Re-Aligning The Stars? Ranked Ladder Changes
So old is out, and new is in. Or is it the other way around? Last week, Blizzard announced that the current Ranked Play system will be shortened in the February season, making it easier to climb lower ranks.
A summary of the changes, if you haven’t seen them already: instead of needing to acquire 5 stars before moving up each rank, Rank 50 (remember that?) to Rank 16 will need 3, Rank 15 to 11 needs 4 and Rank 10 to 1 takes the usual 5.
This is a rare example of a U-turn from Team 5. The incoming system is nearly identical to the old one. In March 2018, stars fell from development heaven and standardized each rank at 5 stars. Before that, it was 2 from 25 to 21, 3 for 20 to 16, 4 for 15 to 11 and finally, 5 for the last 10.
Clearly, the players aren’t the only ones tiring of the Ranked grind. The devs are keen to lubricate the climb – but why are we going back to a system that they obviously replaced for a reason?
Let’s take a look back at why today’s 5 star system (nope, no pun) came about in the first place.
My guess is that since ladder floors were introduced nearly two years ago in February 2017 – meaning that once you passed Rank 20, 15, 10, 5 and Legend, you couldn’t fall past it again that season – Ranked climbing became too forgiving. Skilled (and/or lucky) players could breeze through, riding high on a 3-win streak, and hit the upper ranks early in the month, where a relaxed time testing non-meta decks awaited – free from the fear of falling back into Shieldbearer’s earnest yet unwelcome grasp.
How could it be, you may cry, that Blizzard in its infinite wisdom would want Ranked to get even grindier? Has the relentless feed of cookie-cutter netdecks that infest every rung of the ladder not been grating enough?
It could be that the issue was hot streaks. Gaining an extra star per win after winning 3 in a row means players can really fly. The nature of RNG combined with a canny sense of metagame opportunism could make every rank between 20 and 10 smoother than Justin Trudeau’s chin.
Two stars per rank makes them seem trivial. Ranked is supposed to be hardcore, the polar opposite to the aptly named Casual mode. The climb should be long and feel epic. Yet to remove win streaks would take away an essential sense of momentum – getting faster progress for avoiding losses rewards good play and reduces player fatigue.
So the solution was to make Rank 19 equally lengthy (but obviously not as weighty) as rank 2, both needing 5 stars in order to progress. This removes some arbitrariness – why should the lower ranks be smaller when they’re already supposed to be easier? – and standardizes it all. We all love regularity. Just look at Odd Paladin! What’s more, having 5 stars per rank means players spend longer playing Ranked, which means more time spent playing the game in general. If the meta is healthy, with plenty of deck variety, more time in Ranked should be a good thing.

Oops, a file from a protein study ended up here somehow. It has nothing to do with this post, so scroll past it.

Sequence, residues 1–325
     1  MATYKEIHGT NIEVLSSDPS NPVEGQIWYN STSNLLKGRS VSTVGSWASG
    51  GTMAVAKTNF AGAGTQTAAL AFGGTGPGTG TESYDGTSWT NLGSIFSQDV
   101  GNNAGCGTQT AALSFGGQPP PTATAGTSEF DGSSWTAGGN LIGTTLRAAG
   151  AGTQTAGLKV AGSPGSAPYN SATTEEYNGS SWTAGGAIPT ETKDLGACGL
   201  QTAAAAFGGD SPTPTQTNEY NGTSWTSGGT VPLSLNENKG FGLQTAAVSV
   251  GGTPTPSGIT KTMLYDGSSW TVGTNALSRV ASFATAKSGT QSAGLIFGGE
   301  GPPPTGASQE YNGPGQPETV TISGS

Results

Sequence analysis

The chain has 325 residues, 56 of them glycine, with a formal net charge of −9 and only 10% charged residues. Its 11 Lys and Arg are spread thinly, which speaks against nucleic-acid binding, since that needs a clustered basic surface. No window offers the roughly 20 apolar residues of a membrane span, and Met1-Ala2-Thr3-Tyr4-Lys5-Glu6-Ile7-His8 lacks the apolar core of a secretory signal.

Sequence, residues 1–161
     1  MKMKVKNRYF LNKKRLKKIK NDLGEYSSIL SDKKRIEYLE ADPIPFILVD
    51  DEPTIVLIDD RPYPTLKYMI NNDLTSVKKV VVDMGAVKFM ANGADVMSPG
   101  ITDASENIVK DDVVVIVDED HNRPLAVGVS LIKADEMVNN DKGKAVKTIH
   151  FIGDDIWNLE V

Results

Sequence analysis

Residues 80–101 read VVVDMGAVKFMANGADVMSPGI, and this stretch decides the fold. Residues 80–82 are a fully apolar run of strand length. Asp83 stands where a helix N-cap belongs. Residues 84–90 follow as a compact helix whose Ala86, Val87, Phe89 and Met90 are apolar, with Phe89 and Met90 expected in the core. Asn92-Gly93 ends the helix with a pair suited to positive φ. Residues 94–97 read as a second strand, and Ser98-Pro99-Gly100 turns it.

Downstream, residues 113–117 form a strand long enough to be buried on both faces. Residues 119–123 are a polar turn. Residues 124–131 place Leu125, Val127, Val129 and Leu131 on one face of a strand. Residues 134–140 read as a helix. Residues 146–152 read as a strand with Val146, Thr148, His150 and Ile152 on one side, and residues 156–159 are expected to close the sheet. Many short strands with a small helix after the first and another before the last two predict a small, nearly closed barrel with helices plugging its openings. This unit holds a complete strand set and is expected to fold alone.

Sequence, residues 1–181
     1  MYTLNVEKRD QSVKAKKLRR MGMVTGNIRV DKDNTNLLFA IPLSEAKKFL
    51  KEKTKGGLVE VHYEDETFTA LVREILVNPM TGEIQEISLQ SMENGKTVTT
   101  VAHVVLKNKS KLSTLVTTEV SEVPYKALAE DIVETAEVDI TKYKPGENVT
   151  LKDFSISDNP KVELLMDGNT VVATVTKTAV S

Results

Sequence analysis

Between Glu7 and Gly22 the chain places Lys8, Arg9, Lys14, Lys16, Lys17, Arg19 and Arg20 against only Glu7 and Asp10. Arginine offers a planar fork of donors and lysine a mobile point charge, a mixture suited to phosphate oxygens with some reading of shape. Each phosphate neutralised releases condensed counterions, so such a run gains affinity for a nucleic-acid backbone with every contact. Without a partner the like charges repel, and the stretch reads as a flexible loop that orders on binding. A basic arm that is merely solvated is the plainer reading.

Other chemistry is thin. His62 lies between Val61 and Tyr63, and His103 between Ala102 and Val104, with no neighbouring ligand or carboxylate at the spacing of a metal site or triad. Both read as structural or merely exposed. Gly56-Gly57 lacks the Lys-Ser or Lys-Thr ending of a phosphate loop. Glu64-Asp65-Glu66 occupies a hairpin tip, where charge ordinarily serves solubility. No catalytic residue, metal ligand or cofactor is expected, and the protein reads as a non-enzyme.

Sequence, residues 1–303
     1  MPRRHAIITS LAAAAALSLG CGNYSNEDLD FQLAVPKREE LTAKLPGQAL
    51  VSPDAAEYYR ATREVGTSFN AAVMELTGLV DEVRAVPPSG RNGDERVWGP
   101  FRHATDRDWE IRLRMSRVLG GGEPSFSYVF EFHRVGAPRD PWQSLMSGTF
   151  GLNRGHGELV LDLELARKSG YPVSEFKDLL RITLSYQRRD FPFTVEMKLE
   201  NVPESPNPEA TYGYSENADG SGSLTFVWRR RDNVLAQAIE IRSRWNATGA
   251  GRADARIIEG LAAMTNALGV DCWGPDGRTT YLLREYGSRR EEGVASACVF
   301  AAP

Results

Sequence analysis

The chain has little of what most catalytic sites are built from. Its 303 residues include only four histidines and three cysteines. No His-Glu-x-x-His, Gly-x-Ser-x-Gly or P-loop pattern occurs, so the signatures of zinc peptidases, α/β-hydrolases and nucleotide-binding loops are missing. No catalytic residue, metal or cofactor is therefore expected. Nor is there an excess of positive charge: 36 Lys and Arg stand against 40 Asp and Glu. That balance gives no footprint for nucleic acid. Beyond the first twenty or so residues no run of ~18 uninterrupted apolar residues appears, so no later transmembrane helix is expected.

The reasons for the March 2018 change do make sense, then. So why are we going back to the old ways?
Well, it’s not a total reversal – 3 stars are needed from 20 to 16, rather than 2; likewise, it’s 4 for 15-10 not 3. It’s a compromise. The climb has been slowed, but it’s not the contemporary grind-fest that many of us dread. We can’t ditch Novice Engineer et al. as fast as we did in the four years between 2014 and 2018, though she isn’t nearly as needy as she was last year. It’s good.
Blizzard is pitching these changes as a “quality of life” improvement, which sounds odd considering these are quite fundamental alterations. Interestingly, their article states that it “preserv[es] the more competitive Star values for the higher Ranks.” The choice of words, particularly “competitive”, gives us an insight into the design team’s philosophy. Was the 5 star standardization meant to improve “competitiveness”?
Surely, if high-achieving players were able to leave lower ranks more quickly, it would improve the quality of matchmaking? Nobody liked getting punted back several ranks at the end of every season. Fewer stars per rank means that “correcting” your position on the ladder is easier, which makes the experience better for everyone. The reset is now concrete, at a consistent 4 ranks every season change, which helps a lot.
Regardless, the implication is that the new system equates to a reduction in competitiveness, at least in Team 5’s view. Perhaps this is one extrapolation too far, but I wonder if it’s all worth it. The developers rarely change the game, and for good reason – consistency is key, especially in card games – let alone in more systematic ways like this Ranked shakeup.
Was the grind really so bad? For me, the rank 20, 15, 10, etc. floors have proven to be the greatest improvement to Ranked mode in all my years playing. The peace of mind upon reaching your desired milestone and knowing you’re safe there regardless of all the Hunters you might encounter, is priceless. The floors are pure anti-tilt, and for that reason it was a masterstroke.
What do you think? Are you looking forward to speeding up the ranks like pre-nerf Pirate Warrior is back? Or is Ranked still your no-go zone? Let us know in the comment section below.